I learned about online bidding from buying orchids online on Ebay because of how inaccessible vanda orchids and cygnodes orchids are in stores in Australia. You can often find rare plants like variegated monsteras and syngoniums on Ebay for auction, which can in turn help you out in terms of negotiating when swapping cuttings. The trick is to find roughly how much you can get the same cutting or plant for outside of ebay and use that to inform your maximum bid. Then stick to the maximum big and never go over it in order to ensure that you’re saving, rather than spending more than you otherwise would. A good tip is looking for sellers who are selling many plants that you want, and check back on the auctions that don’t seem to be getting a lot of attention but will end soon, so that when you bid near the end of the auction, you can get a great price. Oftentimes the plants that don’t get as much attention are just as spectacular as the ones that are popular, but do not do as well as the others on the platform’s search function, meaning less people see them.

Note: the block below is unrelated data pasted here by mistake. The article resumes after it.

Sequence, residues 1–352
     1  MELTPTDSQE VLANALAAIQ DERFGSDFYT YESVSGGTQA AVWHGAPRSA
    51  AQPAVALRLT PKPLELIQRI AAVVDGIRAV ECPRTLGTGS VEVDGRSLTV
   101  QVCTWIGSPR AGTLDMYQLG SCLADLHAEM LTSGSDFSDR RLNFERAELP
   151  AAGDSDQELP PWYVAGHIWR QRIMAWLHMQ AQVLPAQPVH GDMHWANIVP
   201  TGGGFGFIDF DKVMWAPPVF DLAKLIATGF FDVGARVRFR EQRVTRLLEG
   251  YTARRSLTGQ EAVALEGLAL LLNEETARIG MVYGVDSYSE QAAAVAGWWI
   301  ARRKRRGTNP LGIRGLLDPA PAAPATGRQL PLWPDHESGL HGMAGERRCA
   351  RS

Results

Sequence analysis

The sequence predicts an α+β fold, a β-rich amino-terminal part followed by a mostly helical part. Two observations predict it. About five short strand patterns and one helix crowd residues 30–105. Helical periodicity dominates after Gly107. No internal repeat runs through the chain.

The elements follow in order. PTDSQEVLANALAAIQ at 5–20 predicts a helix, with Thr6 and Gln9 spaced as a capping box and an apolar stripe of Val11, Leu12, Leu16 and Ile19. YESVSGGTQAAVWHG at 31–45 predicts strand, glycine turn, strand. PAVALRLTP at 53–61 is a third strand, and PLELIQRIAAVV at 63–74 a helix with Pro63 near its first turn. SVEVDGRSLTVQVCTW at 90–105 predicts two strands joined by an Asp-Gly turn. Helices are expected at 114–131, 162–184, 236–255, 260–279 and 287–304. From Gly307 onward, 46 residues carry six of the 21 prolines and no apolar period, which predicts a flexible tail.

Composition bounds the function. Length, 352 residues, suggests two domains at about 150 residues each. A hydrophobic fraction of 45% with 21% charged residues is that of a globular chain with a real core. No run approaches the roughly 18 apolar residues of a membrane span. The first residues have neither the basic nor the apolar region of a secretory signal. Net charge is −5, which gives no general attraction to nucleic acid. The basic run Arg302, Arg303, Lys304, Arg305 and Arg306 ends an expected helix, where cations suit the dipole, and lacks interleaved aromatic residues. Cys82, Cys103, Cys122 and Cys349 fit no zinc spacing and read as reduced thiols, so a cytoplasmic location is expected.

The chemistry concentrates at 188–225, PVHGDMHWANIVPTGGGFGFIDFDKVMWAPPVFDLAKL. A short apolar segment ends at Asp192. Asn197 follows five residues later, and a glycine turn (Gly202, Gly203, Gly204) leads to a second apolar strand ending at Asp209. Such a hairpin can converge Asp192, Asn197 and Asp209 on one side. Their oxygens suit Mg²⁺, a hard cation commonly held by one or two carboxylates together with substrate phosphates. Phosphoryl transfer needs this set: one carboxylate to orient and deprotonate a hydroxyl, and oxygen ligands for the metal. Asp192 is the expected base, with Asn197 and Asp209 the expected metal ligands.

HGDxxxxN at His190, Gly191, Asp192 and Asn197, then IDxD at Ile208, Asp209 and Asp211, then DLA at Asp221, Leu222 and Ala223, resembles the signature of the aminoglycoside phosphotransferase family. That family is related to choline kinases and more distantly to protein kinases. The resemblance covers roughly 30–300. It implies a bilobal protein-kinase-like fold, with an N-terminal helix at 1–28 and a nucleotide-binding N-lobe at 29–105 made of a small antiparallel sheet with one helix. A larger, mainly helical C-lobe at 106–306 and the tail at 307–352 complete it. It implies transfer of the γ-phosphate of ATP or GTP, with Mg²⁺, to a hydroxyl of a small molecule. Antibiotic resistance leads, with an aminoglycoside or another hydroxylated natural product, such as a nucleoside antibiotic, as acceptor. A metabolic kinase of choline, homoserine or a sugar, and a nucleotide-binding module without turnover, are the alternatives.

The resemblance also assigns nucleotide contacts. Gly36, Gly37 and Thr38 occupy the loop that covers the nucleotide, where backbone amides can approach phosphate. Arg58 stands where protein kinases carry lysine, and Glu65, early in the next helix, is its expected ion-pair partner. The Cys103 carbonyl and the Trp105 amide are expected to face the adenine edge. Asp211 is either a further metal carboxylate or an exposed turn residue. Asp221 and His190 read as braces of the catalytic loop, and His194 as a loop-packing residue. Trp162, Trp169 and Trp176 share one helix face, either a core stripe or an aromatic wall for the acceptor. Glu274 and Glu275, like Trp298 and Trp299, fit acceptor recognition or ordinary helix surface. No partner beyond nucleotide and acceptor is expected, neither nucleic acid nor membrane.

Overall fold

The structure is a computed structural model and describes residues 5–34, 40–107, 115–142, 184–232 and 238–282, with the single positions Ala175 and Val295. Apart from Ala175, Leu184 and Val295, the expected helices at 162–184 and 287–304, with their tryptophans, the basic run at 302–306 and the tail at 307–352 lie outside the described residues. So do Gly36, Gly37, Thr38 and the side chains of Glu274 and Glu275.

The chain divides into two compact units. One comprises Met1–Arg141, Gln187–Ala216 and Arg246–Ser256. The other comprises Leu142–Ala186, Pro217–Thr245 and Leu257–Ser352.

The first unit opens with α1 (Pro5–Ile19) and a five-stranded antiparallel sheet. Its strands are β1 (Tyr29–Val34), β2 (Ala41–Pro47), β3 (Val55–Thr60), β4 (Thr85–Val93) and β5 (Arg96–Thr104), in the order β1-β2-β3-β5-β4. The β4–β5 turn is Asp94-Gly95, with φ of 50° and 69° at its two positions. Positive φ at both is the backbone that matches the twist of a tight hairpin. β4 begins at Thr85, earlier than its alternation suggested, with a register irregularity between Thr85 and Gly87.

4. Save potential pots and stands and shop at garage sales

Glass jars from the kitchen? Candle jars? Chipped teacups? Old mugs? Keep these! If you know what plants to put in them, you can keep all kinds of plants in them. Some of these will need a thick drainage layer, though. If you want to grow plants that require good drainage, you can also make holes in these yourself.

Also consider using old shelves as storage for plants, or putting screw on furniture legs onto wooden boards to use them as plant stands. You could even adhere tall, thin furniture legs to wooden or bamboo trays you can get for cheap at garage sales to make plant stands. It will probably cost you less to do this rather than buying plant stands. At the end of the day, nobody will be seeing the bottom of the plant stand anyway, right?

5. Buy discounted plants

Florists and plant stores will generally have plants discounted if they’re not going well or no longer in bloom. This is risky for beginners since it’s a gamble for them whether the plants will even survive. My advice is to know the plant you want to buy well enough in advance that it’s not too much of an issue, so that you know what’s wrong with the plant just by looking at it. My rule of thumb is that in general, struggling, discounted plants are good to buy provided they meet two conditions: they’re not diseased and they’re not infested with pests. Sunburned plants, mechanically damaged plants, shocked plants and backbulbs are perfectly fine. This is a great way to buy a lot of plants but stay within your budget.

Published by plantboye

Tech illiterate and pretending to be proud of it.